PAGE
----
NEW YORK - (Mealey's) A New York federal jury on Feb. 5 ordered Novartis Pharmaceuticals Corp. to pay $285,000 to a plaintiff for allegedly failing to warn her or her doctor that Fosamax carries a risk of osteonecrosis of the jaw (ONJ) (In Re: Fosamax Products Liability Litigation, MDL Docket No. 1789, No. 1:06-mc-1789, Rhoda E. Scheinberg v. Merck & Co., Inc., No. 08-4119, S.D. N.Y.).
In the fifth bellwether trial in the Fosamax multidistrict litigation in the U.S. District Court for the Southern District of New York, the jury also found that Fosamax was not defectively designed.
A plaintiff's source told Mealey Publications that the jury's $285,000 failure-to-warn award was for pain and suffering. Medical expenses and lost wages were not sought.
The court previously dismissed Rhonda E. Scheinberg's punitive damages claim.
7-Year Use Of Drug
Scheinberg took Fosamax from 2000 to 2006. In 2006, she had a tooth extracted. She was later diagnosed with ONJ.
In 2008, Scheinberg sued Merck & Co. Inc. in the Southern District of New York.
Scheinberg alleged that Fosamax was defectively designed and that Merck failed to warn her or her doctor about the risk of ONJ.
Preexisting Periodontal Disease
In pretrial filings, Merck argued that Scheinberg's ONJ was caused not by Fosamax but by Scheinberg's periodontal disease, her diabetes and her use of other prescription drugs.
After Scheinberg's case finished, Merck moved for summary judgment, arguing that to prove her design defect claim, Scheinberg had to show a safer alternative design. It said the alternative design Scheinberg proposed at the end of her case - calcium and vitamin D - was presented too late in the case and was not supported by expert evidence.
Merck also argued that Scheinberg did not establish through credible testimony that Merck failed to adequately warn Scheinberg's doctor about the risk of ONJ. It said the prescribing physician testified that she knew about the risk of ONJ and prescribed it to Scheinberg anyway.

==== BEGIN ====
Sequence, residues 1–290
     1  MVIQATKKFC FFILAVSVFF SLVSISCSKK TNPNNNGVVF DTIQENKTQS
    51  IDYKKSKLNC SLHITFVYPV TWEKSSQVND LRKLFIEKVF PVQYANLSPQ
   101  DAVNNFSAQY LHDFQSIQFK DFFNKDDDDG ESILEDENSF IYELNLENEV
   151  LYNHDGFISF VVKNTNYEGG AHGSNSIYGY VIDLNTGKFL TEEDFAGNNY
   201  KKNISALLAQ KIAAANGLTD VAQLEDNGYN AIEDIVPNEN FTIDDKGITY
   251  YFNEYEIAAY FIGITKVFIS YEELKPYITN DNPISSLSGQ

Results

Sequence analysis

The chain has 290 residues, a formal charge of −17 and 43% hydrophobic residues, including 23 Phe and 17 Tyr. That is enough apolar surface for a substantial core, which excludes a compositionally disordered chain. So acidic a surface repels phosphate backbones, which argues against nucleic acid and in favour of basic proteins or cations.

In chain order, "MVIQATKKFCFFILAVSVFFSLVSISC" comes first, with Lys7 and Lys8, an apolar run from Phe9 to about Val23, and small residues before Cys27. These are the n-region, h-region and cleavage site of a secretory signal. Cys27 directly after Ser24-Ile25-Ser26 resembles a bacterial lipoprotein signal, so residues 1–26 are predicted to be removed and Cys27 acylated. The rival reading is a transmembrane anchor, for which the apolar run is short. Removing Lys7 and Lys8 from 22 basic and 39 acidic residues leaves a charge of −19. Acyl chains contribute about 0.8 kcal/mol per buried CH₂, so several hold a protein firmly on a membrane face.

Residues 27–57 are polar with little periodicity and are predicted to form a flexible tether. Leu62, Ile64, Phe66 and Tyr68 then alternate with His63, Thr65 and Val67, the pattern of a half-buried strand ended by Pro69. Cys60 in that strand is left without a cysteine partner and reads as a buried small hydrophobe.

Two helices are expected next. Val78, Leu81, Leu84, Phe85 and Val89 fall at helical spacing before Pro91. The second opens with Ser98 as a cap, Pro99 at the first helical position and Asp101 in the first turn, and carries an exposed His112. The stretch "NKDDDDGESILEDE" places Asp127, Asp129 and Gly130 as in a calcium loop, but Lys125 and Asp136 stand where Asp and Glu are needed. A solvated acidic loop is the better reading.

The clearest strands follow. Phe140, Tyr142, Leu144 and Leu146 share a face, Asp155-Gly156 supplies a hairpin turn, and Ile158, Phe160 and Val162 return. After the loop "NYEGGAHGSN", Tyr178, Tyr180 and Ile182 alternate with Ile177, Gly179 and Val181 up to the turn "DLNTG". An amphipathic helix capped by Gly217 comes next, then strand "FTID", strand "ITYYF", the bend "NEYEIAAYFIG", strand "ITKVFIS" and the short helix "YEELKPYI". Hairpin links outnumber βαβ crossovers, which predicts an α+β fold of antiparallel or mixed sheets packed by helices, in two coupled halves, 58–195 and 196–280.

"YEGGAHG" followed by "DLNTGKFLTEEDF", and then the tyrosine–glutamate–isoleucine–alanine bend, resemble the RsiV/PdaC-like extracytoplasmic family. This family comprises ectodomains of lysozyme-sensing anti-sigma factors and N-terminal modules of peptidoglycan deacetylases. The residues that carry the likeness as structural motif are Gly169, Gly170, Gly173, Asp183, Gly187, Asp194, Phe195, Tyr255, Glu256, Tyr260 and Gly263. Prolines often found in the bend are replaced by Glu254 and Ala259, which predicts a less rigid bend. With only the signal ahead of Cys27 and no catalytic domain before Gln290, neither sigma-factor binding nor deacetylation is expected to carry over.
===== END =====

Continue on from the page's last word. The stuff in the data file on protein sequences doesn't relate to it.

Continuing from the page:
Finally, Merck argued that because the Food and Drug Administration would have rejected new warning language that Scheinberg proposed, her claim is preempted by federal law, citing the U.S. Supreme Court's decision in Wyeth v. Levine (129 S. Ct. 1187, 1198  [enhanced version available to lexis.com subscribers]). It said the FDA has determined that Fosamax can be on the market and used for its intended purposes because it is safe and effective.
Scheinberg's experts included Dr. Suzanne Parisian, Dr. Sanford Buch and Dr. Andrew Breiman. Merck's experts included Dr. Barry Gruber and Dr. Robert Glickman.
The trial began Jan. 14, and the jury began deliberating Feb. 1. Judge John F. Keenan presided.
Merck today released a statement attributed to outside defense counsel Chilton D. Varner of King & Spalding: "We disagree with the jury's verdict on the failure-to-warn claim. Merck provided appropriate warnings, and the plaintiff was at increased risk for dental and jaw problems regardless of whether she was taking FOSAMAX. She had a long history of severe periodontal disease."
Scheinberg is represented by Timothy M. O'Brien and Brandon L. Bogle of Levin, Papantonio, Thomas, Mitchell, Rafferty & Proctor in Pensacola, Fla.
Merck is represented by Andrew T. Bayman and Varner of King & Spalding in Atlanta, William J. Beausoleil and Julia R. Zousmer of Hughes, Hubbard & Reed in New York and Paul F. Strain, David J. Heubeck and Stephen E. Marshall of Venable in Baltimore.
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